Finally it has to be said: a custom wb is the best you can do- followed by: including a grey card in your first image that you then use for setting your wb in your raw converter. Here again: you have to repeat doing your custom wb or include a grey card EACH time the light changes...

Hope this helps? More questions? Just shoot...

Stef.

Thanks, Stef. That is very helpful. Especially the part about light differences from center to edge; I really wasn't considering that point. Now if i can get the birds to hold a grey card...
Peter
Title: Re: Requests or suggestions for new Darkroom Tips.
Post by: Stef. on February 27, 2010, 06:50:27 PM
Peter- LOL! You can always put your camera onto the tripod- walk somewhere into your picture wheere the birds are- hold up a grey card and shoot a self-portrait that you can then use for wb. Alternatively- and this is the more serious suggestion: just hold up a piece of white paper roughly in the right direction and take a custom wb reading from that. All of this is better than just shooting AWB.
Stef.
Title: Sharpening Questions
Post by: peterf on March 04, 2010, 02:36:39 PM

I have been reading a lot about sharpening images lately and have some questions.
1) Do you sharpen your full size image or do you wait until you have re-sized it for printing or posting?
2) Do you do any sharpening in Camera Raw? Is this where you do 'Capture' sharpening?
3) In general is 'Unsharp Mask' or 'Adjust Sharpness' your preffered tool?

Thanks,
Peter
Title: Re: Requests or suggestions for new Darkroom Tips.
Post by: Stef. on March 04, 2010, 05:23:51 PM
Peter- the amount of sharpening depends on your output. So in other words I leave my images unsharpened and only sharpen depending on whether I will print it or put it up on the web. Alternatively you can sharpen your image and save it under a different file name.
There are various ways of sharpening an image- most of them are under the darkroom tips and they all have their advantages and disadvantages:
My favs are:
edge sharpening: I created an action for this one and it works very well for something with a lot of fine edges such as landscape photography where you have trees and bushes
unsharp mask: ideal for high ISO shots as it has a grea threshold slider which when used can localie the sharpening just to the edges. Also very good for portraits.
bevel in connection with unsharp mask: great if you want to "pop" someting such as a still life of fruits.
smart sharpening: works well when you have a slight camera movement/blur

Also important: do the sharpening on a separate layer. You need to set the layer blending mode of this layer to luminosity (!). You can then work with a mask on thsi layer AND you can lower the opacity depending on your output.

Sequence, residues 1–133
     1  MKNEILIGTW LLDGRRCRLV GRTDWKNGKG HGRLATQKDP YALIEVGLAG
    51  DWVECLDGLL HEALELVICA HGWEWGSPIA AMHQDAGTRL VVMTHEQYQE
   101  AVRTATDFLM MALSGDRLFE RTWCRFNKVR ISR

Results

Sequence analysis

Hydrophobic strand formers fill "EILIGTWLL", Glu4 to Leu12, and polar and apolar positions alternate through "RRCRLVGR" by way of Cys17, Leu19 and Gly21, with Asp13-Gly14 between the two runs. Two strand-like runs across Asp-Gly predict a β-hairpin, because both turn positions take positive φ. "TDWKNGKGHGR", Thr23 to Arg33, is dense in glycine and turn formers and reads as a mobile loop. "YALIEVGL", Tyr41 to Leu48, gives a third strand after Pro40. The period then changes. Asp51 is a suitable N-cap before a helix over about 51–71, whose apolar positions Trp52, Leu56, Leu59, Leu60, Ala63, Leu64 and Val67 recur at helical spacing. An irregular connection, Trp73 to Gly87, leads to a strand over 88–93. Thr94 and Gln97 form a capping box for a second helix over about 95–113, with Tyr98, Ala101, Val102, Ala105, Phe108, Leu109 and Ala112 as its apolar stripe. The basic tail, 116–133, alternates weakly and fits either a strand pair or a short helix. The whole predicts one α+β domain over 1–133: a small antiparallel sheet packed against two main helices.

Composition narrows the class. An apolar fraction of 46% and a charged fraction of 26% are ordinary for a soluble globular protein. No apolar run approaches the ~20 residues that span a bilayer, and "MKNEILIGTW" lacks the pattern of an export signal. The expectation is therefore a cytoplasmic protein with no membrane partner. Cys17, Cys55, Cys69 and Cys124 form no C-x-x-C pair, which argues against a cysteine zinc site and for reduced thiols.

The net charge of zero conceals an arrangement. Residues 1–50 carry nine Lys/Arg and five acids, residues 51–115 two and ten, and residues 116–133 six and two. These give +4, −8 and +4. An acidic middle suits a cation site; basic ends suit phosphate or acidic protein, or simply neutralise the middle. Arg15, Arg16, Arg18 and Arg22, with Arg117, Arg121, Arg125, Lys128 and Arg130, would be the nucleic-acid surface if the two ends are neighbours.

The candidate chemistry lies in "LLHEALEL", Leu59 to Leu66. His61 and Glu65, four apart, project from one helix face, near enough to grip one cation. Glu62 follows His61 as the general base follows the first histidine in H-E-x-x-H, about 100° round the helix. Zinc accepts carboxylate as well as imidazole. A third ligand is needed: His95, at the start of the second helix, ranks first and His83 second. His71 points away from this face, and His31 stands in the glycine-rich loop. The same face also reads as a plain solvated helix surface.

I hardly use the sharpening in Raw but it does work well. I just don't want to sharpen an image before reducing the noise- this is counter productive. In other words the first thing I do if needed when opening up the image in PS is to reduce the noise and then I continue with whatever needs to be done.

In summary: there is no real right or wrong- you have to try the different techniques and see what works.
Hope this helps?
Stef.
Title: Re: Requests or suggestions for new Darkroom Tips.
Post by: peterf on March 04, 2010, 06:04:53 PM
Thanks, Stef.
I post on a forum that is primarily Bird Photograpy. The link below will take you to a forum discussion about sharpening images. Most of it is above my head, but I did learn a few things. You may find it interesting reading.
If you want; skip to the 12th post by Arthur Morris dated 8-26-08 and then to the rebuttal by rnclark immediately following.

http://www.birdphotographers.net/forums/showthread.php?t=18534
Peter
Title: Re: Requests or suggestions for new Darkroom Tips.
Post by: Stef. on March 04, 2010, 06:50:33 PM
Peter- Arthur is saying exactly what I am saying...sharpen a separate file. And sharpening is dependent on output.
MClark- again is saying what I have tried to say. You should sharpen a copy of your backgound layer at full resolution and then lower the opacity for your intended output. You should NOT downsize the image and then sharpen.
This is what I said:
Quote
Also important: do the sharpening on a separate layer. You need to set the layer blending mode of this layer to luminosity (!). You can then work with a mask on thsi layer AND you can lower the opacity depending on your output.

An important point to know that I did nto mention is that any sharpening technique does NOT make your image sharper but increases the contrast in a way that makes your eye believe it is sharper.
Stef.